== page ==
Inductive Micro-Flash Desorption for a Molecular-Level Understanding of Fuel Lubricity
Kimberly N. Urness, Thomas J. Bruno
Liquid fuels aboard high-performance aircraft currently fulfill the role of both the propellant and the heat sink for regenerative cooling. The fuels themselves have now reached their thermal capacity for effective cooling, and any additional heat load results in unfavorable thermal stress to the fuel, restricting further performance gains. A proposed method to improve the operability of these aircraft and increase efficiency is to eliminate the entire lubricant system and require that the fuel serve not only as the propellant and coolant, but also as the lubricant. To enable this transition, it is necessary to identify the important characteristics of fuel lubricity in order to design fuel blends that can optimize this function. At NIST we are developing a solvent-free extraction technique called Inductive Micro-Flash Desorption to quickly characterize the molecular species in complex mixtures that are involved in boundary lubrication through direct measurement. The technique takes a sample immersed in a fluid that contains surface-active species and rapidly thermally desorbs the interacting species with induction heating. The desorbed species are then detected by suitable analytic techniques such as gas chromatography with mass spectrometry.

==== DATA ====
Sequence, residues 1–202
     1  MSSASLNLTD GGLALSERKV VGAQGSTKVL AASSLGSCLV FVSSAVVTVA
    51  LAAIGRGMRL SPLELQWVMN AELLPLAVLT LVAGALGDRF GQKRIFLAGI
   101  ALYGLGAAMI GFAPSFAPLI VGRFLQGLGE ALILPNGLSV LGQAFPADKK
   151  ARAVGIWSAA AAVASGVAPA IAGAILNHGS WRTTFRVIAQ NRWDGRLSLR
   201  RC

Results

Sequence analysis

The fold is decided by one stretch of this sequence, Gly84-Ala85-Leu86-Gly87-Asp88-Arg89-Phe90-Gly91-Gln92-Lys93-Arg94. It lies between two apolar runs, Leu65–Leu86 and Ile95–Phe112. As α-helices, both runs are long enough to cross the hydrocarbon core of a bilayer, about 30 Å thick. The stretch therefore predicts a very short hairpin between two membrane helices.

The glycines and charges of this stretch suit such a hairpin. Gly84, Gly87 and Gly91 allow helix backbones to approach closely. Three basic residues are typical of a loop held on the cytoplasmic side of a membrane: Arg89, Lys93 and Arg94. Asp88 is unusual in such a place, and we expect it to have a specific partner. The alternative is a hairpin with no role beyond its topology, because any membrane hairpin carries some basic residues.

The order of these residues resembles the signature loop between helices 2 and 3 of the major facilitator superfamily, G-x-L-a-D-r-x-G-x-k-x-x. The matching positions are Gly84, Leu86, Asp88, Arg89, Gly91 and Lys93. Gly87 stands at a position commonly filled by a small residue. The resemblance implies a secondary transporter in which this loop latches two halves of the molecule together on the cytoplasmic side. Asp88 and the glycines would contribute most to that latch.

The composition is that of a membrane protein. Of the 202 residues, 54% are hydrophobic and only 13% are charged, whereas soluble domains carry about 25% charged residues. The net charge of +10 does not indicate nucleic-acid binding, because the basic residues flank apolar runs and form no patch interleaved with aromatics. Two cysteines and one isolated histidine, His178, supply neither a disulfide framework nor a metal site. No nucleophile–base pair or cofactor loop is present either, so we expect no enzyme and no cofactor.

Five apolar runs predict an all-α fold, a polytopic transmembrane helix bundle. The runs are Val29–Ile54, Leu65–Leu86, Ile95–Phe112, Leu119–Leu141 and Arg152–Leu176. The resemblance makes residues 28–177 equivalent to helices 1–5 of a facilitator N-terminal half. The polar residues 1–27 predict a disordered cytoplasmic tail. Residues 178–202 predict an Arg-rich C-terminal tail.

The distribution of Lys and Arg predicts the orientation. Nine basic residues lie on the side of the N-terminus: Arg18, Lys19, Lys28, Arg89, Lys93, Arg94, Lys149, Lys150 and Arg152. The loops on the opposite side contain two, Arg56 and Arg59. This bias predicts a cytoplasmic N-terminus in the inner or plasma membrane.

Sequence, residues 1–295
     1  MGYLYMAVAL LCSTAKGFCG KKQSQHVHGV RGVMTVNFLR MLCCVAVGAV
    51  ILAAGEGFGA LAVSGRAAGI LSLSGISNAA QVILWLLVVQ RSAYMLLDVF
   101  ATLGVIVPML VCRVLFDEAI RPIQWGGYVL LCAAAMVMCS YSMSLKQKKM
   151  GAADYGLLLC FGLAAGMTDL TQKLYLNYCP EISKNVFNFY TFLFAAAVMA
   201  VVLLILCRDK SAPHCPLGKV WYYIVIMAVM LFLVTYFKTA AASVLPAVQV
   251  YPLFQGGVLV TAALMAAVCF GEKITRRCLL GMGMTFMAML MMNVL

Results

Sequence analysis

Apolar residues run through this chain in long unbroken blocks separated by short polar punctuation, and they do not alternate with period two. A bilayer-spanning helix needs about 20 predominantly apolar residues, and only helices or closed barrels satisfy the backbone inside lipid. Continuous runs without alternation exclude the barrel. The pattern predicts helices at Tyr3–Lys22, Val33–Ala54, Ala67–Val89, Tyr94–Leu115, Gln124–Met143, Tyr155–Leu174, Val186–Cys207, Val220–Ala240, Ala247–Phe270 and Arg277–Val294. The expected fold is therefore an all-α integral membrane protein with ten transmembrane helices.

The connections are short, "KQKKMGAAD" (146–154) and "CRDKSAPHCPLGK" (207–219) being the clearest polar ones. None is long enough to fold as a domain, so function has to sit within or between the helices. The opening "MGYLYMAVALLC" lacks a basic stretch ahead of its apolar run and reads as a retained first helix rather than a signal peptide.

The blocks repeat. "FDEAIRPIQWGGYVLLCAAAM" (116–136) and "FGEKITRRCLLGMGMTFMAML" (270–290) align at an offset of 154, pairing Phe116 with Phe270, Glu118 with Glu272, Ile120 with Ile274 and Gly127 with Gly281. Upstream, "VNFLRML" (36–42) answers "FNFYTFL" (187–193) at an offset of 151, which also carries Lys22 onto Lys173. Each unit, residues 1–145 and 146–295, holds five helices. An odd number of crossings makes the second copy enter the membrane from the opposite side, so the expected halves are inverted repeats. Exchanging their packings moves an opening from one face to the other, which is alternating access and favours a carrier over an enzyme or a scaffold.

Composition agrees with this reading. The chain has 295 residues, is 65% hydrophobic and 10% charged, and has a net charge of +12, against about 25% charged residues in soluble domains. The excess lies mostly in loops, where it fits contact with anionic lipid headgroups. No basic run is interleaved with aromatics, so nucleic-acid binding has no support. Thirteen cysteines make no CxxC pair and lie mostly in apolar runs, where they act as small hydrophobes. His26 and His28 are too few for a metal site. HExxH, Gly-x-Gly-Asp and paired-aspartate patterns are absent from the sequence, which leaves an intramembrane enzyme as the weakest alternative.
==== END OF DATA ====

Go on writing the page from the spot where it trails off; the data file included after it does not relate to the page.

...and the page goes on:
Society of Tribologists and Lubrication Engineers
May 15-19, 2016
Las Vegas, NV, US
Society of Tribologists and Lubrication Engineers - Annual Meeting and Exhibition
and Bruno, T.
Inductive Micro-Flash Desorption for a Molecular-Level Understanding of Fuel Lubricity, Society of Tribologists and Lubrication Engineers, Las Vegas, NV, US, [online], https://tsapps.nist.gov/publication/get_pdf.cfm?pub_id=920935
(Accessed June 10, 2023)